Defendants still involved in the litigation are the Illinois governor’s office, the Cook County Court Clerk’s Office and the Cook County Recorder of Deeds’ Office and Assessor’s Office.

In the litigation involving Cook County, Andersen appointed Julia M. Nowicki in late 2006 as the compliance administrator.

Mary T. Robinson was selected to take the post in March 2009 after Nowicki resigned because of demands on her time as a neutral and consultant for a law firm.

Complying with the settlement agreement has cost the county about $8 million since 2006.

That amount includes about $3 million paid to resolve 108 claims filed by individuals who maintained their careers were affected by patronage demands.

After Wednesday’s hearing, Robinson said the money was well spent.

The county could have paid a consultant $8 million and not achieved the results seen under the settlement agreement, she said.

At the hearing, Robinson said there has been “a dramatic shift in attitude” among both managers and rank-and-file members of the county’s workforce.

The policies and principles in the settlement agreement are embedded in the county’s practices, Robinson said.

And she said employees who had been demoralized came to believe they would be treated fairly and their work would be judged on its merits.

Shakman’s attorney, Brian I. Hays of Locke Lord LLP, noted no objections were raised to the request that the county be found in substantial compliance.

“This is not an ending, but a new beginning to county employment practices,” Hays said.

The case is Michael L. Shakman, et al. v. County of Cook, et al., No. 69 C 2145.

Recent Headlines

Cook County Treasurer Maria Pappas on unclaimed property tax exemptions: ” Most seniors didn’t know that they could get it.”
Friday, July 19, 2019
WGN Chicago

Top Forest Preserve cop quits after burying ticket of county pol’s pal who asked ‘Do you know who I am?’
Friday, July 19, 2019
Chicago Tribune

EDITORIAL: ‘Do you know who I am?’ Not yet, but we sure know your type
Friday, July 19, 2019
Chicago Sun-Times

Cook County Commissioner Luis Arroyo says he got a friend’s parking ticket voided
Friday, July 19, 2019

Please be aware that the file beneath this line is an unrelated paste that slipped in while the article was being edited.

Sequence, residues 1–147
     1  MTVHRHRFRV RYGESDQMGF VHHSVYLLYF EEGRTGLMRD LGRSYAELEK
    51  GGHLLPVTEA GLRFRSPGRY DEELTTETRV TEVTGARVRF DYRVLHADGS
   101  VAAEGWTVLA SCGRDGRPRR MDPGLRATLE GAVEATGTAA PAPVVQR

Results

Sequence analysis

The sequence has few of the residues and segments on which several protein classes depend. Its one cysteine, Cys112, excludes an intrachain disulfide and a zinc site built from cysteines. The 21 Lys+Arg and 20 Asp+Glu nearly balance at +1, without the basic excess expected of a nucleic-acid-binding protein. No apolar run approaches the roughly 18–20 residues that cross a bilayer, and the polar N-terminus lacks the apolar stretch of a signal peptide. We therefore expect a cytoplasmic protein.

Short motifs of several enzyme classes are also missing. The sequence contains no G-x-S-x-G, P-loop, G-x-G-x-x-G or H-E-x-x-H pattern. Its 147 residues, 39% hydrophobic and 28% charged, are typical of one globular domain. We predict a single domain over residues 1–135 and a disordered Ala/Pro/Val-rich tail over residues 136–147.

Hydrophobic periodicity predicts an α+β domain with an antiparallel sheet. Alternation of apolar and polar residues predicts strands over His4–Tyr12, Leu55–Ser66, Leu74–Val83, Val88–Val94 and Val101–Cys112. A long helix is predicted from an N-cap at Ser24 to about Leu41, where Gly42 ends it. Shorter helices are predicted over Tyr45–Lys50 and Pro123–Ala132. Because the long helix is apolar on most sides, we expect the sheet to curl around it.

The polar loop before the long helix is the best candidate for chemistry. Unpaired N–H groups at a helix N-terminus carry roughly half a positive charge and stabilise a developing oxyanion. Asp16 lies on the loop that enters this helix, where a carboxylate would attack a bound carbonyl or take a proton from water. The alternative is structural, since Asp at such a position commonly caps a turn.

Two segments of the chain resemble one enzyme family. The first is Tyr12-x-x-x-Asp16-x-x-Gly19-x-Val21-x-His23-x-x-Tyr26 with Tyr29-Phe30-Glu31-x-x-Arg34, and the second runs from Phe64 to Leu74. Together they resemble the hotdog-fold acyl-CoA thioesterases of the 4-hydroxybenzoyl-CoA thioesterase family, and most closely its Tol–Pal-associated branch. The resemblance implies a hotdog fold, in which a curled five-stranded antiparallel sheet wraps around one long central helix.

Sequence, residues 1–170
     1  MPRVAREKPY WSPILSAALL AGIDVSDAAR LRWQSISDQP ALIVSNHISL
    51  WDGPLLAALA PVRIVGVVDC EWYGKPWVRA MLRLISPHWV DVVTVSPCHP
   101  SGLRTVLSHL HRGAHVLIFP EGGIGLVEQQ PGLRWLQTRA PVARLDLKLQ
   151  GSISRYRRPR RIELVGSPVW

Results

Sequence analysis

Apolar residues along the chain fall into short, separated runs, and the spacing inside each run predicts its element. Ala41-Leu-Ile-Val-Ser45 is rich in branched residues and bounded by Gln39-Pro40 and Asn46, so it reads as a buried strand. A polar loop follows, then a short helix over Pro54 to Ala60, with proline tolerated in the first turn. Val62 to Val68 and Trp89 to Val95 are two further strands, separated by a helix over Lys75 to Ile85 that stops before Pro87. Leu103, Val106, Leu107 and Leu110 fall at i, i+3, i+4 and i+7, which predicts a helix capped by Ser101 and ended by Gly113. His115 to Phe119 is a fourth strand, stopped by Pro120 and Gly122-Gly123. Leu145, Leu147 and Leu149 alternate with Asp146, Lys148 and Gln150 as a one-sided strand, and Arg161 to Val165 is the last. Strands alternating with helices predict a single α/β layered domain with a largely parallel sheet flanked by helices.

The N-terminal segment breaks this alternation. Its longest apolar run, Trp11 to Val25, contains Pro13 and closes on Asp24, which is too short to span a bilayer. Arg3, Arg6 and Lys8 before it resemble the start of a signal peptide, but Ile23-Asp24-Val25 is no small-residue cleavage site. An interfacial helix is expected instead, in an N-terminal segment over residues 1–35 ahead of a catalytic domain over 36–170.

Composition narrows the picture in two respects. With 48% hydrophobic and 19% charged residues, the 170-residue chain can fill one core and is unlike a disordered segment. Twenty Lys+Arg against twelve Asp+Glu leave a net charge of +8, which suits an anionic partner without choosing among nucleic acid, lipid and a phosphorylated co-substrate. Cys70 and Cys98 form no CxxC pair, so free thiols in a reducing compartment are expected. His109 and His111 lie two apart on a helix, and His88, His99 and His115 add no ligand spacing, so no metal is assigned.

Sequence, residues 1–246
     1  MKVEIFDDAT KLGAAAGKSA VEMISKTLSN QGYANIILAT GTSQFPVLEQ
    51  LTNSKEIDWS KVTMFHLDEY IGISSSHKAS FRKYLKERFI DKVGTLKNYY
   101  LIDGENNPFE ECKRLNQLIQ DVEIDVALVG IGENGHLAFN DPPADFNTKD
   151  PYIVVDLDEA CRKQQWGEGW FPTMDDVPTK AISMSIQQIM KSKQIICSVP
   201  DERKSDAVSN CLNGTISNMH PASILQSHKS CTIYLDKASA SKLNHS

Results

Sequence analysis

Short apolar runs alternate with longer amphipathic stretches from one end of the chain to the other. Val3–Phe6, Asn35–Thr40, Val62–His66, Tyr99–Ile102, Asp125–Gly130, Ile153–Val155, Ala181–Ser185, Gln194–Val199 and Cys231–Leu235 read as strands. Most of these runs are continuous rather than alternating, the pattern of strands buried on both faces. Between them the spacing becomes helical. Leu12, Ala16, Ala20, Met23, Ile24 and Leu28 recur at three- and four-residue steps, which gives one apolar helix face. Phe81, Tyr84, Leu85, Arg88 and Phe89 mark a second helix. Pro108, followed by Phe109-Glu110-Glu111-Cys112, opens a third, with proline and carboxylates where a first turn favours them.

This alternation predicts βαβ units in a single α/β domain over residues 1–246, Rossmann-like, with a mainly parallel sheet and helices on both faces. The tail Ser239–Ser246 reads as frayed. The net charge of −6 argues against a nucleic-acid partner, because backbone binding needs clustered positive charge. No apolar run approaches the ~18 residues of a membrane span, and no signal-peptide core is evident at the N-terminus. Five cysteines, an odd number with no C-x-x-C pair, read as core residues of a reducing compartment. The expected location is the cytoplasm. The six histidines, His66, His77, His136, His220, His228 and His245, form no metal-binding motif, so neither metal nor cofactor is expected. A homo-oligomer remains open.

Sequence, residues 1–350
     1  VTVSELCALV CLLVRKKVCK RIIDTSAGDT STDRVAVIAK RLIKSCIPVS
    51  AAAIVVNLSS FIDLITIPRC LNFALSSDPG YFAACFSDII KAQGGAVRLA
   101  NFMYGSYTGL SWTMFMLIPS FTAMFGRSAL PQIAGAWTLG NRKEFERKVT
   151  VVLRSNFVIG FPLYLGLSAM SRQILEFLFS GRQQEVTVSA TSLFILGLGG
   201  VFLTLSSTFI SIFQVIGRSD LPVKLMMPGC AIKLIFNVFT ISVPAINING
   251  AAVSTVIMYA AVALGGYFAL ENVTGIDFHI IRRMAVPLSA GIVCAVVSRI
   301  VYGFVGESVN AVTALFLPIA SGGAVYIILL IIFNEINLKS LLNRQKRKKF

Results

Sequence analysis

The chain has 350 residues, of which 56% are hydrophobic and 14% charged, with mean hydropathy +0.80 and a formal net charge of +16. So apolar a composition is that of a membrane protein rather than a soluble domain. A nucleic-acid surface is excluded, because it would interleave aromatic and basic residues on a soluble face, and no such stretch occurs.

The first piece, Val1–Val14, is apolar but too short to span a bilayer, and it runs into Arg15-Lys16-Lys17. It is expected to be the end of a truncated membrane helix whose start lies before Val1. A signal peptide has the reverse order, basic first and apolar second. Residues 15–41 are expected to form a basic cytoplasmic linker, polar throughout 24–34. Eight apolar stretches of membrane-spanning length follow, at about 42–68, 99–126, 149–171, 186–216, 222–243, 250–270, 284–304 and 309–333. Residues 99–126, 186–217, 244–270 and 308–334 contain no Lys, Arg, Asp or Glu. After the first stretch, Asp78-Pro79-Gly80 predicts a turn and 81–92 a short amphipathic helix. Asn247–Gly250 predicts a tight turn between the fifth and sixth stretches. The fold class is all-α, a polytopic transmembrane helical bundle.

Chicago Sun-Times

Chicago-Area Cooling Centers Offer Residents Chance to Beat the Heat
Thursday, July 18, 2019
NBC 5 Chicago

Editorial: ‘Do you know who I am?’ Not yet, but the people of Cook County deserve to find out.
Thursday, July 18, 2019
Chicago Tribune

Top Forest Preserve cop quits after burying ticket of county pol’s pal who asked ‘Do you know who I am?
Wednesday, July 17, 2019
Chicago Sun-Times

Chicago’s top cop ‘must stop misleading the public’ about violence, Cook County Board President Toni Preckwinkle says in heated letter to Mayor Lori Lightfoot
Wednesday, July 17, 2019
Chicago Tribune

‘Do you know who I am?’ Investigators say Cook County commissioner pressed cops to scrap ally’s $250 parking ticket
Tuesday, July 16, 2019
Chicago Tribune

IG: Cook County needs revamp on sexual harassment outside of work following allegations against Preckwinkle ex-chief of staff
Tuesday, July 16, 2019
Chicago Tribune

Higher Assessments Hit North Suburban Commercial Property Owners
Thursday, July 11, 2019
Evanston Patch

How did an inmate get a loaded gun into Cook County Jail?
Thursday, July 11, 2019
Chicago Tribune

Check exemptions, file an appeal: What you can do to fight your Cook County property tax bill
Thursday, July 11, 2019
WGN Chicago

’A lack of mental health services has plagued Chicago for decades’: Holy Cross Hospital expanding to fill that void on the Southwest Side
Wednesday, July 10, 2019
Chicago Tribune

Construction Begins on New Cook County Health Center
Wednesday, July 10, 2019
Daily Herald

How To Appeal Your Cook County Property Tax Assessment
Wednesday, July 10, 2019
CBS Chicago

County Commission Hopes to Increase 2020 Census Participation
Wednesday, July 10, 2019

Cook County Property Tax Bills: Where Does Your Money Go?
Wednesday, July 10, 2019
CBS Chicago

Seniors Receive Inflated Property Tax Bills By Mistake
Tuesday, July 09, 2019
WBBM Radio

Cubs co-owner Todd Ricketts’ property tax appeal under investigation after Tribune finds assessment problem
Tuesday, July 09, 2019
Chicago Tribune

all news items

Paid for by Larry Suffredin and not at taxpayer expense. A Haymarket Production.